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What he has in common with famed designer (and fellow Queens native) LaQuan Smith.

I was supposed to go to Art Institute, but it was too much money. I had moved to Long Island, so I went to Nassau Community [College] because it was really close. They actually had a really good fashion program because most of the teachers from there came from FIT. LaQuan had dropped out maybe a semester before I started. We were Facebook friends, and I remember just talking to him a little bit about it. I went to school the next day, and I told one of the teachers. She was like, “Oh, he’s not going to make it far,” because he didn’t get a degree. It really bothered me. I think like a month later I dropped out.

LaQuan isn’t the only famous person linked to Yaito’s educational past, either.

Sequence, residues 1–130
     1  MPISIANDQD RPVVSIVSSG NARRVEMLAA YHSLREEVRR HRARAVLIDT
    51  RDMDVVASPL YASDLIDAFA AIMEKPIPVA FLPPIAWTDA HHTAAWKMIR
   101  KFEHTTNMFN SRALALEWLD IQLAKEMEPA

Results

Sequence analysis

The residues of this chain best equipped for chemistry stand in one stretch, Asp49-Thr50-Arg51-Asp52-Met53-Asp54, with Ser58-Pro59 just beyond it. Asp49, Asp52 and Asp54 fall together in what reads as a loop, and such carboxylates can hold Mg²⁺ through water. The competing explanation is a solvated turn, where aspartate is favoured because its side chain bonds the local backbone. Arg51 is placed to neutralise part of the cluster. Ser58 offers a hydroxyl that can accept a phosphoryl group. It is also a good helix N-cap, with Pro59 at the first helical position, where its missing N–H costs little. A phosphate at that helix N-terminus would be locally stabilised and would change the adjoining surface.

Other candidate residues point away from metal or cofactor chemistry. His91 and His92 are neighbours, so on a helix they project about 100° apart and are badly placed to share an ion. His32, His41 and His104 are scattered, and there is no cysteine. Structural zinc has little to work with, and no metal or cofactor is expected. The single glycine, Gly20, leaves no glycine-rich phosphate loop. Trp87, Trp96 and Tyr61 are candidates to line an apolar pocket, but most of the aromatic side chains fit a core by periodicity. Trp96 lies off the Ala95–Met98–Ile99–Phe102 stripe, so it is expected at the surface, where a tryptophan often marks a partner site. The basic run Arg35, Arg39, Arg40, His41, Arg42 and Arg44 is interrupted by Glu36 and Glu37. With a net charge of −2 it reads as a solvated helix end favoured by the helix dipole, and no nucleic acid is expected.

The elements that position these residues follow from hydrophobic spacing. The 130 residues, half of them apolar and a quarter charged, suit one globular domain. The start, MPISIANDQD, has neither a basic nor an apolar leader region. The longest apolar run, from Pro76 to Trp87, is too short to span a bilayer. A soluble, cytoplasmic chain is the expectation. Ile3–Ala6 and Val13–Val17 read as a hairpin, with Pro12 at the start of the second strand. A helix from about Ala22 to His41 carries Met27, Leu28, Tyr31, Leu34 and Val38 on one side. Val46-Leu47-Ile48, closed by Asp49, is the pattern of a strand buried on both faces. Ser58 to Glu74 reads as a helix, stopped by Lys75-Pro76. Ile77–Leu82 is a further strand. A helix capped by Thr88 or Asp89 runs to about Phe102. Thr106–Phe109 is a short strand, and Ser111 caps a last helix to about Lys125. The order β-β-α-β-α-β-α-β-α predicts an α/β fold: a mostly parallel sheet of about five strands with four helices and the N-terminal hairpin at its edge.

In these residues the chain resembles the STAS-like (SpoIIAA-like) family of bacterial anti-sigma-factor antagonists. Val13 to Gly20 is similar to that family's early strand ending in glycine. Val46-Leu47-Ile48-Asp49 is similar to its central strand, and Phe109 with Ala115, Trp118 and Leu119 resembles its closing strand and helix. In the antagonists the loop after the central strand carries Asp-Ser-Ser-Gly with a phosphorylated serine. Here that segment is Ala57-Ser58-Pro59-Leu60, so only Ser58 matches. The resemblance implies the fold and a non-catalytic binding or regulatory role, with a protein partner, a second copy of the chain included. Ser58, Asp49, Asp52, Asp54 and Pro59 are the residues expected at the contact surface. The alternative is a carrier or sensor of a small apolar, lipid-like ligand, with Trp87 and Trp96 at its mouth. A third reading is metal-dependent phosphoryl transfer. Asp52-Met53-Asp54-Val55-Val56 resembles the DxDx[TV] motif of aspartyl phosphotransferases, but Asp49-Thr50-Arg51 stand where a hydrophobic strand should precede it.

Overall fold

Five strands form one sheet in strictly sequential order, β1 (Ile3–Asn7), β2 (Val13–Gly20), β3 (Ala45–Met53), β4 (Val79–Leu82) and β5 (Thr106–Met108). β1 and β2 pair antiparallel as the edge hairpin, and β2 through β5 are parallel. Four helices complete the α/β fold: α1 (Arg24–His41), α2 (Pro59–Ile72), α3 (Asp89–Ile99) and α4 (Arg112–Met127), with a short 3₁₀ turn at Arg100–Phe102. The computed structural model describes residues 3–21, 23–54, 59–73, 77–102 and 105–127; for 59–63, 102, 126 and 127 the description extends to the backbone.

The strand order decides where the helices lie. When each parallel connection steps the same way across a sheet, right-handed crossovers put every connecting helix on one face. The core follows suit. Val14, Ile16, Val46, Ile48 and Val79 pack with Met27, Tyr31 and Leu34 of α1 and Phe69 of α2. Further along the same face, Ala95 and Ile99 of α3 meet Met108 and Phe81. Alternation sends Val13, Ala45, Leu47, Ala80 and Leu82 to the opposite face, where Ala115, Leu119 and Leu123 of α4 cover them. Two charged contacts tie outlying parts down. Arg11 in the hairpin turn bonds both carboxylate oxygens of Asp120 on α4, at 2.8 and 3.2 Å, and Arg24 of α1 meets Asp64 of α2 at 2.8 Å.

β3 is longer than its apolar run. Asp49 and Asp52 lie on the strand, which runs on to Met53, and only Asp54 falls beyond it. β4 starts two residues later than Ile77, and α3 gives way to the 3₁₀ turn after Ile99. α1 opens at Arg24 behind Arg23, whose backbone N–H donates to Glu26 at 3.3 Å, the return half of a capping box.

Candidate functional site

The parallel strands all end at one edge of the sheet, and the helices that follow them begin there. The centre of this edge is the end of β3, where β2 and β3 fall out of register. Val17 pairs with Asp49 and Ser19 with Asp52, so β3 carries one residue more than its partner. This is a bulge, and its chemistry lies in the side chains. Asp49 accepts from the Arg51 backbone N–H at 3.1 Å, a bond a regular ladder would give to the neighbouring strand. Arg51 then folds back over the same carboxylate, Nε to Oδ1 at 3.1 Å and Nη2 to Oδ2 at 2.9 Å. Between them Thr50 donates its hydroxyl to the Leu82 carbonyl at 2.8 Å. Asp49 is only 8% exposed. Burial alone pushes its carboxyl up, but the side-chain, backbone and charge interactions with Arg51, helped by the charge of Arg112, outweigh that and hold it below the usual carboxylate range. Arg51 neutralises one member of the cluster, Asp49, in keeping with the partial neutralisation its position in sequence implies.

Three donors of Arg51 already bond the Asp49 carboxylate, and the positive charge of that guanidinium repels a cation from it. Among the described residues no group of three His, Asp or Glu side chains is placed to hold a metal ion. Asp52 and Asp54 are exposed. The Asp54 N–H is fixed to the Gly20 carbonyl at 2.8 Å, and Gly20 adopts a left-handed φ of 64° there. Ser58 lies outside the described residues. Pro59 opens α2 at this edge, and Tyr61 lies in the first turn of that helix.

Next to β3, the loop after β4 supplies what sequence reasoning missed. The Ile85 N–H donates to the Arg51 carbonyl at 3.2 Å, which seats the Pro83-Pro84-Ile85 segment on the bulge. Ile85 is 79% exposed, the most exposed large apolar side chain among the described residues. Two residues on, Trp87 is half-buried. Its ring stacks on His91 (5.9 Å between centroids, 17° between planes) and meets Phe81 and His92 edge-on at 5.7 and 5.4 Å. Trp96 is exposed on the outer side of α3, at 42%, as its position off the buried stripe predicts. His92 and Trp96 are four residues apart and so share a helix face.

[High School of Art & Design] accepted me, and it was “whatever” to me. I was like, “OK, I’m going to school in Manhattan.” I didn’t know it was such a big [deal but] it kind of changed my entire life. I’m sitting in the lunchroom, and I see this group of kids walking in. I was like, “Man, they look different.” They had really freaky sneakers on. This was 2004. One kid had a mohawk — this was around the time when Diddy ran the city for the marathon and had the mohawk. I was like, “This kid is kind of fly.” They all sat down; I just didn’t talk. It was weird. I remember they told me one of the kids’ name was Jay West, and another kid called himself D-Ferg. Oddly enough, those became like my big brothers. I hung around them all the time, and they used to doodle on clothes — like literally paint on jackets and stuff. So I got into it because I just wanted to be like them.